So, now you’ve made four super cool tiles, what are going to do with them?  You are going to protect them of course!  The sharpie “paint” will rub right off with water and will scratch very easily, so you definitely want to protect these before you use them.  I’ve done some research and written a post on how to protect them here.  Once we have sufficiently protected our tiles, however, there are a lot of ways to use them!  You can make coasters or tile a bench or  a mirror or frame them and hang them as art.  I think coasters are the best implementation.  Just pop a piece of felt on the bottom with some hot glue and call it a day!  As for me, these tiles were a practice round for another project that I will be posting about soon!

 

 

    10 COMMENTS

  • Rabbit | January 18, 2017 | Reply

    I bet a little resin poured on top would be the perfect way to protect them and give them some awesome glossy shine!

    • Undercoverdiyer | January 18, 2017 | Reply

      Hey Rabbit! Thanks for the tip. I’ll have to look into that!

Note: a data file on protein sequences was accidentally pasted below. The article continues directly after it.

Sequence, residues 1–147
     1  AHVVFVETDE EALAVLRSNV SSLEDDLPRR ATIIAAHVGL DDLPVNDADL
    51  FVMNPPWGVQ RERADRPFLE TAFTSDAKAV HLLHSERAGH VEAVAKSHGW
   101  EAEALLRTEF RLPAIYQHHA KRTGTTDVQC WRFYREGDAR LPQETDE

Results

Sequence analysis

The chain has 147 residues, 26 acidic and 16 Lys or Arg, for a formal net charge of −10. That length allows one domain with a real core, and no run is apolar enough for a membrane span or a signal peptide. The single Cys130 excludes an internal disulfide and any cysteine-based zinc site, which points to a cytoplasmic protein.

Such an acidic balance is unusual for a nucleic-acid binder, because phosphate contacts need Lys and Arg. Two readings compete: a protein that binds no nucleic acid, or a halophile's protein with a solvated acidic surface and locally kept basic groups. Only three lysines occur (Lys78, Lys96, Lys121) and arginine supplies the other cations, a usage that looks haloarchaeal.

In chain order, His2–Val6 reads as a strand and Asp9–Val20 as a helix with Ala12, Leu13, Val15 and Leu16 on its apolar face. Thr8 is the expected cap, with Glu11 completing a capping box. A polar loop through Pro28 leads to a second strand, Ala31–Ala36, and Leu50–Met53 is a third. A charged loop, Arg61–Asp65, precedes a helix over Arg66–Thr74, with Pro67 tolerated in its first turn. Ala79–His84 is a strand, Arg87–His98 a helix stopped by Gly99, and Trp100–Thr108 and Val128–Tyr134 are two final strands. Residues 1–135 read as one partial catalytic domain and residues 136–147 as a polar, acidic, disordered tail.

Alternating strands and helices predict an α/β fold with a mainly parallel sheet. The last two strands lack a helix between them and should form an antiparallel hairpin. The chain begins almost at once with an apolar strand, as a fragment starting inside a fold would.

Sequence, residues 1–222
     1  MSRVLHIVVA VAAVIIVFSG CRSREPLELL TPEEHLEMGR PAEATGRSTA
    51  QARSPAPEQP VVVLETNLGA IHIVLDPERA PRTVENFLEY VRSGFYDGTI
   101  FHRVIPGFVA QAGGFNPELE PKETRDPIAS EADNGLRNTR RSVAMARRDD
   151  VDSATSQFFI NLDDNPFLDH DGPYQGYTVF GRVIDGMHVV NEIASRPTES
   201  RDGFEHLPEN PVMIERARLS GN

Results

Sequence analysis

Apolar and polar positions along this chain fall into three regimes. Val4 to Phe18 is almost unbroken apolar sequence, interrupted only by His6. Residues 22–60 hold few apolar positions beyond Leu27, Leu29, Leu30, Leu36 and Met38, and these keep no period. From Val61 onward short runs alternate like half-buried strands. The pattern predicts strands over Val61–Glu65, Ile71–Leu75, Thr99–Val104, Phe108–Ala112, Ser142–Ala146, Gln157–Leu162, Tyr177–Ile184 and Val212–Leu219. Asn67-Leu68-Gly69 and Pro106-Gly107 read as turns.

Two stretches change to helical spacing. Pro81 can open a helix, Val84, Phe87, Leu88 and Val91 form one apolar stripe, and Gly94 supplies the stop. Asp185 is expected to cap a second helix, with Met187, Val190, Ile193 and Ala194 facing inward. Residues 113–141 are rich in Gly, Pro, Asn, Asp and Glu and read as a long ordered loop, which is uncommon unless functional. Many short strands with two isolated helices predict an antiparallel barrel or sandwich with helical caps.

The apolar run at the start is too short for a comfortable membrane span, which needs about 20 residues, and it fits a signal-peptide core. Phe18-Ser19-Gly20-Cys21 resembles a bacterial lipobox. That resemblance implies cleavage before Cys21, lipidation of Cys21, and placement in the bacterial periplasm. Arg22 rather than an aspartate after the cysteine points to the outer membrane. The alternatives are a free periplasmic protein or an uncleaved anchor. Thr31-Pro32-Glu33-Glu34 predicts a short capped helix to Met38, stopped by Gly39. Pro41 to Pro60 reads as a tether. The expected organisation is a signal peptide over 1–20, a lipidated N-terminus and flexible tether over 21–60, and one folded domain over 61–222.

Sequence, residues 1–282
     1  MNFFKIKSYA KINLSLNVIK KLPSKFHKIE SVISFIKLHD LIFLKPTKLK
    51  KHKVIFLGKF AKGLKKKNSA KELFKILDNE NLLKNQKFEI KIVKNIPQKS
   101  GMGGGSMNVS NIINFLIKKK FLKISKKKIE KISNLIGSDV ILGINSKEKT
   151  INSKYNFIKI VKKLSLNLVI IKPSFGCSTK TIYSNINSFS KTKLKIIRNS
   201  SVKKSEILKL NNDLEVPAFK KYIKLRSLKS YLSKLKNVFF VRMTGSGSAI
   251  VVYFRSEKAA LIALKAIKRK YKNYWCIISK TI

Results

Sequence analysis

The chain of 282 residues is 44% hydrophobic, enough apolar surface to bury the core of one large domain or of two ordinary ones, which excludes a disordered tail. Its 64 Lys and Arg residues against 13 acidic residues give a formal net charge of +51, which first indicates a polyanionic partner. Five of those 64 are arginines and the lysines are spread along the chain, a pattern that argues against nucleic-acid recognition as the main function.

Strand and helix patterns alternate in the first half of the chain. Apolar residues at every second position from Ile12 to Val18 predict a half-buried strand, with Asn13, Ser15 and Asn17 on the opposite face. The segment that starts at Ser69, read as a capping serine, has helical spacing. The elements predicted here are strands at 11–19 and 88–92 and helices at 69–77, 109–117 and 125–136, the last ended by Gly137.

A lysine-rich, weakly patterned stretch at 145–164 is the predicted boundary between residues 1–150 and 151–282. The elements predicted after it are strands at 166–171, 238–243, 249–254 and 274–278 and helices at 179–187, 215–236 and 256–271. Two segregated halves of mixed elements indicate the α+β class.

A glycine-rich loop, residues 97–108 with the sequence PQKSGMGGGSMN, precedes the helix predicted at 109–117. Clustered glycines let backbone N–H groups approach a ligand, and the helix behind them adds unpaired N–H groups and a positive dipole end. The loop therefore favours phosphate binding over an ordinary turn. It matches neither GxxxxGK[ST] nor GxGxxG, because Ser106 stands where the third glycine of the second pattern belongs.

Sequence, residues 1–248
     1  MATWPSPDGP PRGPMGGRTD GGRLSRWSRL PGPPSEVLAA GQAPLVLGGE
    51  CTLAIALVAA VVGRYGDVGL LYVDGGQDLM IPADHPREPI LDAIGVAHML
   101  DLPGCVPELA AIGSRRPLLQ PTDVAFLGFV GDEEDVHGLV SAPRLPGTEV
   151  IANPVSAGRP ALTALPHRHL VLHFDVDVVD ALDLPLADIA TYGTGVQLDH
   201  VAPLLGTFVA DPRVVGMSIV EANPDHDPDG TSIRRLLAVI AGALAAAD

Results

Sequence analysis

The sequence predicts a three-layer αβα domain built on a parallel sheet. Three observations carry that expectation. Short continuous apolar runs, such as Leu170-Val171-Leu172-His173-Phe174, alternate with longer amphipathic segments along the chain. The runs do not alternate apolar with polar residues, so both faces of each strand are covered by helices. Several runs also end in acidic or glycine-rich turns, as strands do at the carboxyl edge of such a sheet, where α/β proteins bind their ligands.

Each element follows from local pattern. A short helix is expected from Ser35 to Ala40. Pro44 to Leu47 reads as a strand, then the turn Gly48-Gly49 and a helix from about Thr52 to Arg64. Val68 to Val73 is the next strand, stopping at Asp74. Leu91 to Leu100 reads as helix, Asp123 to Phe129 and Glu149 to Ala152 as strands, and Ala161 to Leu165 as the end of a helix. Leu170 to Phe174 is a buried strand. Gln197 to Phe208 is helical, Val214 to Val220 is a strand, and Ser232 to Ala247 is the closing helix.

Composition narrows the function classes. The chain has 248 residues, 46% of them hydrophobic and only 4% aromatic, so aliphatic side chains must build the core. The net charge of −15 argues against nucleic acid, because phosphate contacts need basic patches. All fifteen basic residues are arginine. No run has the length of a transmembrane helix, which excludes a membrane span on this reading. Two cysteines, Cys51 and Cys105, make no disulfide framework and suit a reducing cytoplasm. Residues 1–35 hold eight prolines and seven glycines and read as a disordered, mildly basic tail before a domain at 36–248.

• Mary Powell | January 18, 2017 | Reply

    Would the Krylon spray sealers work if applied thinly in several coats? I’m anxious to try these. Thanks for sharing!!

    • Undercoverdiyer | January 18, 2017 | Reply

      That is next on my list to try! I promise to post an update before the end of the week! I tried shellac and that was a fail, but I didn’t realize there is a lot of alcohol in shellac. It totally reactivated the color. I’m not giving up!

  • Jane T | January 18, 2017 | Reply

    Has anyone figured out yet how to protect the watercolor after drying?

  • Elizabeth H-Lightfeather | January 18, 2017 | Reply

    I used Valspar project perfect top coat gloss. It made to be used indoor/outdoor wood metal and more. I have made many and have used them as coasters, hot plates etc and have had no peeling of the paint.
    Hope that helps everyone.

    • Undercoverdiyer | January 18, 2017 | Reply

      Thanks Elizabeth! That sounds similar to the Krylon product that I ended up using. I’m glad there is another option!

  • Beverly De Fronzo | January 18, 2017 | Reply

    Oh my gosh, I love this idea. I want to make the wind chimes. Where can I get the round tiles? Craft store?

    • Undercoverdiyer | January 18, 2017 | Reply

      Hi Beverly! I ordered them from Maryland China company online, but I also saw similar ones on Etsy! Good luck!